LONDON (Reuters) - Malala Yousafzai, the youngest winner of the Nobel Peace Prize, called on her fellow laureate Aung San Suu Kyi to condemn the “shameful” treatment of the Rohingya Muslims in Myanmar, saying “the world is waiting” for her to speak out.
Nearly 90,000 Rohingya have fled to Bangladesh since violence erupted in Myanmar in August, in the biggest political challenge facing the country’s leader Suu Kyi, who stands accused by Western critics of not speaking out for the minority that has long complained of persecution.
“Over the last several years, I have repeatedly condemned this tragic and shameful treatment,” Malala said in a statement on Twitter. “I am still waiting for my fellow Nobel Laureate Aung San Suu Kyi to do the same.
“The world is waiting and the Rohingya Muslims are waiting.”
Activists from Indonesia, home to the world’s biggest Muslim population, on Saturday called on the Nobel committee to withdraw Suu Kyi’s peace prize during protests outside the Myanmar embassy in Jakarta, state news agency Antara reported.
The recent violence in Myanmar was set off by a coordinated attack on Aug. 25 on dozens of police posts and an army base by Rohingya insurgents. The ensuing clashes and a major military counter-offensive have killed at least 400 people.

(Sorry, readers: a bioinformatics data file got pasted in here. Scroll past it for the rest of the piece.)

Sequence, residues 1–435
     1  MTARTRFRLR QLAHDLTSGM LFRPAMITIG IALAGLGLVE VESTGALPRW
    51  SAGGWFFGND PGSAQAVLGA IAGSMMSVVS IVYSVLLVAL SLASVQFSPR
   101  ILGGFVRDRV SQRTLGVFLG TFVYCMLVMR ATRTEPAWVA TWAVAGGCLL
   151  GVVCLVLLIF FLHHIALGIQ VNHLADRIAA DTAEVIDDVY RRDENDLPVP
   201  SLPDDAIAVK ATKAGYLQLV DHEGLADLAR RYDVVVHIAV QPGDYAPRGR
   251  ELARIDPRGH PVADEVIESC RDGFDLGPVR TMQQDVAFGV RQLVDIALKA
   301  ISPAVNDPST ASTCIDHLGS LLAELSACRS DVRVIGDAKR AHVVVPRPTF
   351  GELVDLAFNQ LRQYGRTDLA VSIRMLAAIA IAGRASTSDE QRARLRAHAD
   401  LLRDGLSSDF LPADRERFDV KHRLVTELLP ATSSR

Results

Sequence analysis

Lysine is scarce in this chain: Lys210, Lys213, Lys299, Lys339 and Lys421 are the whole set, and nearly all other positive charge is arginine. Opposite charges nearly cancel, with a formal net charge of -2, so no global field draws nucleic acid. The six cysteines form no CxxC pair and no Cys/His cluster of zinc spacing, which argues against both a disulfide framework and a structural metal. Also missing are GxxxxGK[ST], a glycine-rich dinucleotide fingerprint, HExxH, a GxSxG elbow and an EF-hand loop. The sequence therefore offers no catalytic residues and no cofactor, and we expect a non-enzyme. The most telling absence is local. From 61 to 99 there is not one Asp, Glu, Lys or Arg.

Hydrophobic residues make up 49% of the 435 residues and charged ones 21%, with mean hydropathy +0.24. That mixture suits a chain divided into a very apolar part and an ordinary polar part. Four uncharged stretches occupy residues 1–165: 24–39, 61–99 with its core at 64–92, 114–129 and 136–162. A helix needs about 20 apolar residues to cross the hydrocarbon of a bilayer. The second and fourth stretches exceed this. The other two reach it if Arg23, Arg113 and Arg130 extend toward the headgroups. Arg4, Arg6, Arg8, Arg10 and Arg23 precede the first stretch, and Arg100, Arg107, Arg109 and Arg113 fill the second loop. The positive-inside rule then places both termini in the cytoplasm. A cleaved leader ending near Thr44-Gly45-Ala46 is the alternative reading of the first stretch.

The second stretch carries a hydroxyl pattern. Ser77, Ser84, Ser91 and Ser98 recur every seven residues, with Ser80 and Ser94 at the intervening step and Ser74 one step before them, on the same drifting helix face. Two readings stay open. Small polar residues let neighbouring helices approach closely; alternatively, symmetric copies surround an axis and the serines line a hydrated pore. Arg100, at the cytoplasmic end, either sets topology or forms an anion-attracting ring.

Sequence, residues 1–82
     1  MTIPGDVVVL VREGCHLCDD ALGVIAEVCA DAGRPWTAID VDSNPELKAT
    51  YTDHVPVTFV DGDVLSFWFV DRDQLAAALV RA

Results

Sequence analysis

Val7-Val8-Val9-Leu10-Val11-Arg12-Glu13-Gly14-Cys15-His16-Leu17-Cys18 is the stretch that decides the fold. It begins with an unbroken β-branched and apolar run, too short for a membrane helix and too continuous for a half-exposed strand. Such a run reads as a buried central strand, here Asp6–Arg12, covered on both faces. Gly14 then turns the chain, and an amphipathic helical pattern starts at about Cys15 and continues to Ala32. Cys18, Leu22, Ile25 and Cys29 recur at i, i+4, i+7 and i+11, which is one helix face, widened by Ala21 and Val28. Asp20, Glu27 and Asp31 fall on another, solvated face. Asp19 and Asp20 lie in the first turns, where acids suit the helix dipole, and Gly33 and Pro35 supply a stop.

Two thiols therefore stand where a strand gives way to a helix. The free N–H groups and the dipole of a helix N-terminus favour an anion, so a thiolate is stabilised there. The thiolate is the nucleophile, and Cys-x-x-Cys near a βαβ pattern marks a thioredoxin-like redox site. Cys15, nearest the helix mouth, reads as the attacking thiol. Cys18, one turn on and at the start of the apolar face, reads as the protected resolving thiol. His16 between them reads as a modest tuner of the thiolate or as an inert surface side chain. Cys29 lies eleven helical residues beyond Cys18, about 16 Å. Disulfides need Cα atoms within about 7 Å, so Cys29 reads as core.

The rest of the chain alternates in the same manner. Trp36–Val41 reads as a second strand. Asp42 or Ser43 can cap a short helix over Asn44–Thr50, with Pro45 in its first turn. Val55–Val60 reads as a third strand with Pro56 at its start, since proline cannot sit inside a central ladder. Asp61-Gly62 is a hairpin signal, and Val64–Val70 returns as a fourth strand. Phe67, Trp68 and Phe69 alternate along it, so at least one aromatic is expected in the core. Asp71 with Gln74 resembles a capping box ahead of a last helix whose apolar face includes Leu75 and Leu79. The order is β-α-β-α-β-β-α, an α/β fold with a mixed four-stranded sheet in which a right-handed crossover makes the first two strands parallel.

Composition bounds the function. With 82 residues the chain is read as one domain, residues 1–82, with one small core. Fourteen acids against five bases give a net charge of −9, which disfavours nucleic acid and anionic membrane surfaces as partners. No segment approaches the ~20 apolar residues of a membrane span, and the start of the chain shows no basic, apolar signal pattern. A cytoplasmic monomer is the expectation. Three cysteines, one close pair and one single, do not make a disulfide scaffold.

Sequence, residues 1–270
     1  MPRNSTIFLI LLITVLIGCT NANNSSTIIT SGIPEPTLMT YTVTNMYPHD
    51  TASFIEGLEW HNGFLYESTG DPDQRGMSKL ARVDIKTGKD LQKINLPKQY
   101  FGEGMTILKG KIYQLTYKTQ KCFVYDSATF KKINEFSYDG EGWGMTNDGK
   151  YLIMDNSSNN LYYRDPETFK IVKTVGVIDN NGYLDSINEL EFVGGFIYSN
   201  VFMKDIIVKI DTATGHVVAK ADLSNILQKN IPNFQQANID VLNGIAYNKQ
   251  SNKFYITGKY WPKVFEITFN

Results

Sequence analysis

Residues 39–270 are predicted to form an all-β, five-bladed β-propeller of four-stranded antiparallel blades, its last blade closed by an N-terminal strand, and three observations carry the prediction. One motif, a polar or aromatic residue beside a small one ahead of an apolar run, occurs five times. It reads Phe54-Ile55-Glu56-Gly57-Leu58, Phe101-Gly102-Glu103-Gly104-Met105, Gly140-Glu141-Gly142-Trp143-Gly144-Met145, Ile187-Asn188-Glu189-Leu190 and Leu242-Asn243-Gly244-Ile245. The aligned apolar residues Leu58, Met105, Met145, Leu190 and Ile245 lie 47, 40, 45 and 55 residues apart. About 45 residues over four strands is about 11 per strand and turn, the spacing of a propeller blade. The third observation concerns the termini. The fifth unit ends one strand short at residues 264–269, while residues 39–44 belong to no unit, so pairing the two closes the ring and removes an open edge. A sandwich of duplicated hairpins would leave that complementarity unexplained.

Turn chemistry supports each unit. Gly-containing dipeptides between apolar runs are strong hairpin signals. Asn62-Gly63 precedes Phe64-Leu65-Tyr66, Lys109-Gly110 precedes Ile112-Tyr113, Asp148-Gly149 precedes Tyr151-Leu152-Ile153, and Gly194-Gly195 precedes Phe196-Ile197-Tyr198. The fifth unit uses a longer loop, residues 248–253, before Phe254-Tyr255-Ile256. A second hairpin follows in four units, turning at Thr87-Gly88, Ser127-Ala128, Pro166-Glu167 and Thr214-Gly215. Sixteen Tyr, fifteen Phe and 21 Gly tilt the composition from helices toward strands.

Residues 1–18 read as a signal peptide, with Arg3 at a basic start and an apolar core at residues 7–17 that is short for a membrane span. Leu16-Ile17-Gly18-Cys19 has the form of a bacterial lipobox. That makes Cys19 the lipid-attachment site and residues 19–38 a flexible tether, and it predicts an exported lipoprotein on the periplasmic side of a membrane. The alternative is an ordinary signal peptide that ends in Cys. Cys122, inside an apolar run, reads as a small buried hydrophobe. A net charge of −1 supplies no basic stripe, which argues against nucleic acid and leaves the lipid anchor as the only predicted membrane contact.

Myanmar officials blamed the Rohingya militants for the burning of homes and civilian deaths but rights monitors and Rohingya fleeing to neighbouring Bangladesh say a campaign of arson and killings by the Myanmar army aims to force them out.
Malala, 20, came to prominence when a Taliban gunman shot her in the head in 2012 after she was targeted for her campaign against efforts by the Taliban to deny women education. She won the Nobel Peace Prize in 2014.
Reporting by Kate Holton; editing by John Stonestreet
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